A Sri Lankan Navy boat sprays water on the New Diamond, a very large crude carrier (VLCC) chartered by Indian Oil Corp (IOC), that was carrying the equivalent of about 2 million barrels of oil, after a fire broke out off east coast of Sri Lanka
A Sri Lankan navy boat sprays water on the New Diamond, a very large crude carrier that was carrying about 2 million barrels of oil, after a fire broke out off the east coast of Sri Lanka, September 8, 2020.

COLOMBO, SRI LANKA - Sri Lanka's navy said Tuesday that an oil slick had been spotted a kilometer from a loaded supertanker off the country's east coast, as efforts to extinguish a fire on board continued. 

Sri Lankan officials are working to assess any damage to the environment and marine life from the incident, which began last Thursday, when a fire initially broke out in the engine room of the New Diamond supertanker. 

The first fire aboard the ship, which was chartered by Indian Oil Corp to import 2 million barrels of oil from Kuwait, was put out, but a second one broke out Monday. 

"The ship has tilted slightly towards where the fire broke out due to the large amount of water sprayed to douse the fire," Sri Lanka navy spokesman Indika de Silva told Reuters, adding: "Oil in the engine room appears to have leaked out to the sea".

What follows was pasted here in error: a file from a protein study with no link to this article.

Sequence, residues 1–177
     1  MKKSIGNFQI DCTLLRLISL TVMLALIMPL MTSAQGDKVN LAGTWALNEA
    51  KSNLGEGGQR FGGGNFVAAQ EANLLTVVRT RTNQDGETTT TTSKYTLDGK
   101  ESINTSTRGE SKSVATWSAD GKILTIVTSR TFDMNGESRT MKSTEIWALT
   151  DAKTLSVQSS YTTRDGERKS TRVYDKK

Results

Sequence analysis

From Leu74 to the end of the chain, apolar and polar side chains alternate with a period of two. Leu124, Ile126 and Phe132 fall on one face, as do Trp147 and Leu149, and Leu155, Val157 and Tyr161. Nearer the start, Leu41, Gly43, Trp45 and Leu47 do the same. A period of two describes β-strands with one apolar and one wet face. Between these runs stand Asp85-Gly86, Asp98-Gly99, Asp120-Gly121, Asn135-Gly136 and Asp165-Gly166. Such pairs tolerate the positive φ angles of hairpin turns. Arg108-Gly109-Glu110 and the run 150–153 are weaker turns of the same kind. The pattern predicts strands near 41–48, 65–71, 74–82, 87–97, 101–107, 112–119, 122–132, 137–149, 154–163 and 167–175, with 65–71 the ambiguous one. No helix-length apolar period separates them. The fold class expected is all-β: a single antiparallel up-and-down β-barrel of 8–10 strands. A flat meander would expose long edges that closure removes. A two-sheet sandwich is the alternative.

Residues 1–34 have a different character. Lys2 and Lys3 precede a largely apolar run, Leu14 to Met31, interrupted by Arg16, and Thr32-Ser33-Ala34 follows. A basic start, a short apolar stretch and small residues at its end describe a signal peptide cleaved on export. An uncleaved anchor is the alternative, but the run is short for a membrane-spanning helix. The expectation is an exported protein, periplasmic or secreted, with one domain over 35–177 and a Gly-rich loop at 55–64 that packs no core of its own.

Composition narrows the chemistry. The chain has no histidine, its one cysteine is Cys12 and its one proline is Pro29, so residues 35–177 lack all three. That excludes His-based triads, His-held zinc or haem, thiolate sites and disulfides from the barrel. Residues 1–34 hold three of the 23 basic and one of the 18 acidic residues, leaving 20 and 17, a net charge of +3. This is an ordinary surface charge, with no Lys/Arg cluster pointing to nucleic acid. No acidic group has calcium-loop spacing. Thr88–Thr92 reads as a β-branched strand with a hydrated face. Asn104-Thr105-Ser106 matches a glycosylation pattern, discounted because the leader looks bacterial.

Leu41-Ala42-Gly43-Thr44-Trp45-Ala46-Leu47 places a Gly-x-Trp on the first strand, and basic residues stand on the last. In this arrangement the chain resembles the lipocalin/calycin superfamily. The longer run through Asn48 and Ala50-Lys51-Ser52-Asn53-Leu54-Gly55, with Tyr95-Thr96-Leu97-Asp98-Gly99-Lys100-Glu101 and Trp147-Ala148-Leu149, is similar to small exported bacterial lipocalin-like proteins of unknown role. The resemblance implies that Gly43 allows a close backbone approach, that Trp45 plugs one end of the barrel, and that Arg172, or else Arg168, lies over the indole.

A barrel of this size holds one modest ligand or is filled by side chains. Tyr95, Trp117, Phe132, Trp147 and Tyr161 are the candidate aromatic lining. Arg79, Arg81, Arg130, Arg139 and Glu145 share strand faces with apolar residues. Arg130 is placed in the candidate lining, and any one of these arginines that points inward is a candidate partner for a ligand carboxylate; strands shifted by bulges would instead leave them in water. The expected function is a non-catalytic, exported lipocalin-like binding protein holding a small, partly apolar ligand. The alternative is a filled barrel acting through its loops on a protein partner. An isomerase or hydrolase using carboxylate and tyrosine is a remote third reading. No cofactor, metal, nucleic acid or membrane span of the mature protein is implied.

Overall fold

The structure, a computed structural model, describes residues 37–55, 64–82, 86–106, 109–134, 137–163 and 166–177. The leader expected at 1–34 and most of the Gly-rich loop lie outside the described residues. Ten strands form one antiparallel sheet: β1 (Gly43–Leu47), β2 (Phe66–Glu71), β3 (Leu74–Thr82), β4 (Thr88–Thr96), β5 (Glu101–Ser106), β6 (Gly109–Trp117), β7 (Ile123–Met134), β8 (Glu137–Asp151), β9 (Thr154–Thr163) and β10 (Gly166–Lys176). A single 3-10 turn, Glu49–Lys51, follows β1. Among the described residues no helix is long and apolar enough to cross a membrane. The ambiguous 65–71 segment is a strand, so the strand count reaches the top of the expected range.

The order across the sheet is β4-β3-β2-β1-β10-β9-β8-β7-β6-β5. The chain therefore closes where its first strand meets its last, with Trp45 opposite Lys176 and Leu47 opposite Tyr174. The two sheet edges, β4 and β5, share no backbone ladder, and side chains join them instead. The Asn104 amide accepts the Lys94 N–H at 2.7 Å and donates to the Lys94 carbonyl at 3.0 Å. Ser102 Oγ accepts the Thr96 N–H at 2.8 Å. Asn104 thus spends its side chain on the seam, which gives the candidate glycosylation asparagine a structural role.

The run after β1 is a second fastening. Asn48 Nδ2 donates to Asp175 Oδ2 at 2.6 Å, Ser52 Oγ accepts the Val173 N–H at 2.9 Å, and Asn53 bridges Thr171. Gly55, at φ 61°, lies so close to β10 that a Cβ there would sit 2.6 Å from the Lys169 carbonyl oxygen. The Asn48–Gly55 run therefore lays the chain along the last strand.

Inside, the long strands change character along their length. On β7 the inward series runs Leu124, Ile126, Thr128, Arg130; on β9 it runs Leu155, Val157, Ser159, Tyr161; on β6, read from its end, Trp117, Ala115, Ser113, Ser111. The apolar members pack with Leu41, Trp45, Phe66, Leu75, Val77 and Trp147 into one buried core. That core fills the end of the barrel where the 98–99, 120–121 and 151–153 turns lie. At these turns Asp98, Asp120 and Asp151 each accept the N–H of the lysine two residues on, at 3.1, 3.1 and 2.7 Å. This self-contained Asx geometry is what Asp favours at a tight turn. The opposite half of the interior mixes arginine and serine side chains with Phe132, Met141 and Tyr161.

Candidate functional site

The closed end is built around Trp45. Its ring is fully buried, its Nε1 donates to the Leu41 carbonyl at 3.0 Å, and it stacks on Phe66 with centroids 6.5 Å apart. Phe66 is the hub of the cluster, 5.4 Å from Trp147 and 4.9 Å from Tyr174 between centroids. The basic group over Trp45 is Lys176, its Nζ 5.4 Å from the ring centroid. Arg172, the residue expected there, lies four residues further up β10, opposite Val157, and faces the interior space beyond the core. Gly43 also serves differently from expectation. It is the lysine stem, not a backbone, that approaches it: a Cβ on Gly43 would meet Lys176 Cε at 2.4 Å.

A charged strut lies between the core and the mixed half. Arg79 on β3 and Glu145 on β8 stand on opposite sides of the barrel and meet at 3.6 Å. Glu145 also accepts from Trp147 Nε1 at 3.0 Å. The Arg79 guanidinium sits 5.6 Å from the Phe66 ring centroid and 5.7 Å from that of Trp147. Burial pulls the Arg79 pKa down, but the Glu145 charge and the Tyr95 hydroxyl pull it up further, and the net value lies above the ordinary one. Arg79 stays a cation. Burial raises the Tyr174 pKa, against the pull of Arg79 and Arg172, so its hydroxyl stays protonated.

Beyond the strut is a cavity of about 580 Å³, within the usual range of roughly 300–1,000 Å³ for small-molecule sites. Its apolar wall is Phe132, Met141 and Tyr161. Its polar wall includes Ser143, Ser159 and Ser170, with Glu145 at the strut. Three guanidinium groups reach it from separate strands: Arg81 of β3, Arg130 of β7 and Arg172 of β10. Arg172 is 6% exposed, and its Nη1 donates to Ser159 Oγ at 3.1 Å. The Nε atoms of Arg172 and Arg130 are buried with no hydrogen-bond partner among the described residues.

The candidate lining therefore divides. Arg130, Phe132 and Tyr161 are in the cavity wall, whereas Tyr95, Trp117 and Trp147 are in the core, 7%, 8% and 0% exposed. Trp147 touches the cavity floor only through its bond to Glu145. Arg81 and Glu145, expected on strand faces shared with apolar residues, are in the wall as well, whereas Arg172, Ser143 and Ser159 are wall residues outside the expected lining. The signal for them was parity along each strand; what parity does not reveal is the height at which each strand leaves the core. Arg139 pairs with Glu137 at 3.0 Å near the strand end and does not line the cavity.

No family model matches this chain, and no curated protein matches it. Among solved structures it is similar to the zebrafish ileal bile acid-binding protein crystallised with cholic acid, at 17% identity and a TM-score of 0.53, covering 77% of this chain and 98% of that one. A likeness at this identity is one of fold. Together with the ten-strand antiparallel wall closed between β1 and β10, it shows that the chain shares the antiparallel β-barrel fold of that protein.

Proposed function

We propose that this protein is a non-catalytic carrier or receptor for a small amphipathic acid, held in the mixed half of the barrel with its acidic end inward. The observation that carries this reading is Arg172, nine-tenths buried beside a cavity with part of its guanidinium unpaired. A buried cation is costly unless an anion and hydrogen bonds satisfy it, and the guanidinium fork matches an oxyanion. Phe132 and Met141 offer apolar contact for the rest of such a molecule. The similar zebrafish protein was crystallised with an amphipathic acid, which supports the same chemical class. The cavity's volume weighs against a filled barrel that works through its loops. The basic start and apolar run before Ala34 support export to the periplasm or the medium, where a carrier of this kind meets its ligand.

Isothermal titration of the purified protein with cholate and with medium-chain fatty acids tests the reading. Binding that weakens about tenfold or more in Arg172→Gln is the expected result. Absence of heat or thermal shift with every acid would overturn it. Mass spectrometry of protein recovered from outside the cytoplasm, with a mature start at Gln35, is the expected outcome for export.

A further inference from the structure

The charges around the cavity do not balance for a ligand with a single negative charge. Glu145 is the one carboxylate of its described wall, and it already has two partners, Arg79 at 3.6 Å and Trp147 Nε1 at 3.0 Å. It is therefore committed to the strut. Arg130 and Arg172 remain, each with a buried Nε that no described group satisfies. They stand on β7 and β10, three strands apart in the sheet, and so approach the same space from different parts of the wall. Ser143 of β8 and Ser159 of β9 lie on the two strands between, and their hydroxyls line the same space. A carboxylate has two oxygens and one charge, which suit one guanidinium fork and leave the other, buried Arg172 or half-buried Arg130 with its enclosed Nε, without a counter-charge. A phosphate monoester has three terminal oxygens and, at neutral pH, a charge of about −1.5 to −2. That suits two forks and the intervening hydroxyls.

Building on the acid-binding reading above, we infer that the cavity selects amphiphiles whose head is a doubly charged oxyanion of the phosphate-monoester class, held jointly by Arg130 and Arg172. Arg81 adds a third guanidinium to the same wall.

The New Diamond was being held about 40 kilometers (25 miles) east of Sri Lanka, while firefighting boats sprayed it with water, de Silva said. 

An Indian air force plane stationed at the international airport in Hambantota dropped a specialized chemical mixture on the slick to control it, the Sri Lankan navy said in a statement. 

The latest fire was on the right side of the vessel near the funnel and was not near the tanks holding the crude oil, Silva said earlier, adding it was still burning. 

A salvage team was working at the site and "additional assets, salvage personnel and fire fighting equipment" were on the way, he said. 

Sri Lanka has deployed scientists and experts from its Marine Environment Protection Authority (MEPA), with one team examining the area around the ship and another coastal areas for signs of pollution, Jagath Gunesekara, deputy General Manager of MEPA, said. 

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